In part 1a, we covered what the mind/body problem is, and the thought experiment Descartes used to arrive at the famous conjecture “cogito ergo sum” — I think, therefore I am. He also arrived at the notion that we are both material things, and idealist things, together – entities that have a physical nature (materialism), and entities that have a mental nature (idealism), at the same time. This is called dualism.
And before I go further, I’d like to take a moment to discuss idealism in particular. In modern Western societies, where schooling focuses heavily on a materialist viewpoint (especially in the sciences), the notion of a universe constructed of ideas, thoughts, and perceptions alone might seem a bit daft.
“For my thoughts are not your thoughts”
In simplest terms, ontological* idealism is the notion that nothing exists outside of the mind’s eye; reality is mentally constructed and consists of perceptions and observations. When something is no longer observable, such as an item in the next room, then it no longer exists. The concept extends from a skepticism that anything beyond the mind can truly be “knowable,” and was often used to justify the concept of an omnipresent God.
To help explain idealism, you may have heard the old question, “If a tree fell in the forest, but no one was there to hear it, would it have made a sound?” According to old Church doctrine, yes it would have, because God is there even if you aren’t, and He perceives all things at all times, so the tree makes a sound because God is there to hear it.
Another way to describe the idealism of the Church is to use the famous limerick, “God in the Quad:”
There was a young man who said “God— Monsignor Ronald Knox
Must find it exceedingly odd
To think that the tree
Should continue to be
When there’s no one about in the quad.”
“Dear Sir: Your astonishment’s odd;
I am always about in the quad.
And that’s why the tree
Will continue to be
Since observed by, Yours faithfully, God.”
To continue: it’s recognized today that Descartes, for all his genius, made a fundamental categorical error: he needed to (logically) prove the existence of a non-deceiving God in order to arrive at a place where he could be certain he wasn’t being deceived at every turn by his own mind. In performing his “hyperbolic doubt” thought experiment, he defined “to know” as “to know without a doubt,” which would be a somewhat different interpretation than we would use today.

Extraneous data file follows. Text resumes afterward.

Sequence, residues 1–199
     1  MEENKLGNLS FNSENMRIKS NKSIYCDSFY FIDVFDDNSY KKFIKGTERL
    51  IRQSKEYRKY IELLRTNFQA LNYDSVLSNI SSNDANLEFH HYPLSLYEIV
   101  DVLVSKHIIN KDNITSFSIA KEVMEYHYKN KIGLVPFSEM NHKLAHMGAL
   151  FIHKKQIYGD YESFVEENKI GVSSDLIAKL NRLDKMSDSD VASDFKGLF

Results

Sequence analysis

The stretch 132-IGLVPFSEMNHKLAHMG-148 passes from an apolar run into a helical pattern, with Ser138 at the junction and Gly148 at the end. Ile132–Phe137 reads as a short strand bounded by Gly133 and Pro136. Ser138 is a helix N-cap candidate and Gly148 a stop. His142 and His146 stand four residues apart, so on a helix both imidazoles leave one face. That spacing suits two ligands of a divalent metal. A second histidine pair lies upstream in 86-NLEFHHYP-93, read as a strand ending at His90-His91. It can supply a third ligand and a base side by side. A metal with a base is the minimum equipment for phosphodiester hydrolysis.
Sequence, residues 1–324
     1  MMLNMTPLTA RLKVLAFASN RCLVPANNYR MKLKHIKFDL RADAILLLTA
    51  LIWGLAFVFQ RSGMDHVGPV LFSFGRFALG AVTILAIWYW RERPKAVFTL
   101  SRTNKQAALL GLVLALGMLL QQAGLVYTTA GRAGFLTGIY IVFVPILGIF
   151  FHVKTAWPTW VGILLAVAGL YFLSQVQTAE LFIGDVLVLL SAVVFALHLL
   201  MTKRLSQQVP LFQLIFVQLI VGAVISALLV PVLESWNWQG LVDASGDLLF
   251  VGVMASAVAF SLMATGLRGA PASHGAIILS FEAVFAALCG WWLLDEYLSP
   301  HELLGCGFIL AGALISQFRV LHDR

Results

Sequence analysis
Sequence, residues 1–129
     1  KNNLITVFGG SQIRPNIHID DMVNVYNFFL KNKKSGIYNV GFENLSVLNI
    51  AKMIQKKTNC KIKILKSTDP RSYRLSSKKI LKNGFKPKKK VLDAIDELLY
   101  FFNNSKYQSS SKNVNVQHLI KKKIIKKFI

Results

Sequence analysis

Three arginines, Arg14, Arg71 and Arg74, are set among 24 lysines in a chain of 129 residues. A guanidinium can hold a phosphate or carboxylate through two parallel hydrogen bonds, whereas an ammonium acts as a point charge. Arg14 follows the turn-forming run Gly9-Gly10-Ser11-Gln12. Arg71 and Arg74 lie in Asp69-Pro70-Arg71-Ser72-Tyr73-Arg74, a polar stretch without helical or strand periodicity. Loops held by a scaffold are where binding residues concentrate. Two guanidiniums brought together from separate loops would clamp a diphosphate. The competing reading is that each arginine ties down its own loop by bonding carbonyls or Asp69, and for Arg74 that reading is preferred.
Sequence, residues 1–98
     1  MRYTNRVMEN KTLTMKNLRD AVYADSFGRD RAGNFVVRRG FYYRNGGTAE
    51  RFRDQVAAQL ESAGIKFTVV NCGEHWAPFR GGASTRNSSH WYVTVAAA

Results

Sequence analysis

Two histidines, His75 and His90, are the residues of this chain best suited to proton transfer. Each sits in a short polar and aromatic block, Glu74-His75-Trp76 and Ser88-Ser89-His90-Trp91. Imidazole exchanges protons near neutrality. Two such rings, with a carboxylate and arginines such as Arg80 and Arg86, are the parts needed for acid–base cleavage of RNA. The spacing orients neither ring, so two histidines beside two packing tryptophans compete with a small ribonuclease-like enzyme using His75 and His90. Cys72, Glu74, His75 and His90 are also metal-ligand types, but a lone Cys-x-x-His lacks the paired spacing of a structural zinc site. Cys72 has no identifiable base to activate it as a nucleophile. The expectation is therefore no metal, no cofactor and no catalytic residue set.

This is what’s known as Descartes’ “category-mistake.” Descartes knew (with certainty!) that 5+3=8, and to hold otherwise would naturally place one in contradiction; his error was in applying this logic to everything, not just mathematics. Today we would differentiate between math, which has a certainty attached to it, and factual (empirical) claims which are always subject to modification upon receiving new data.
“You can go with this, or you can go with that”
Descartes wrote, “As to the body, however, I have no doubts about it, but thought I knew its nature distinctly. […] a body I understand has whatever has a determinable shape and a definable location and can occupy a space […] can be perceived by touch, sight, hearing, taste or smell [… however,] the power of self-movement, like the power of sensation or of thought, was quite foreign to the nature of a body; indeed, it was a source of wonder to me that certain bodies were found to contain faculties of this kind.” In other words, despite being able to prove (logically) that he did indeed exist as both a body and a mind, he still couldn’t understand how material objects (like human bodies) could operate via mental activity.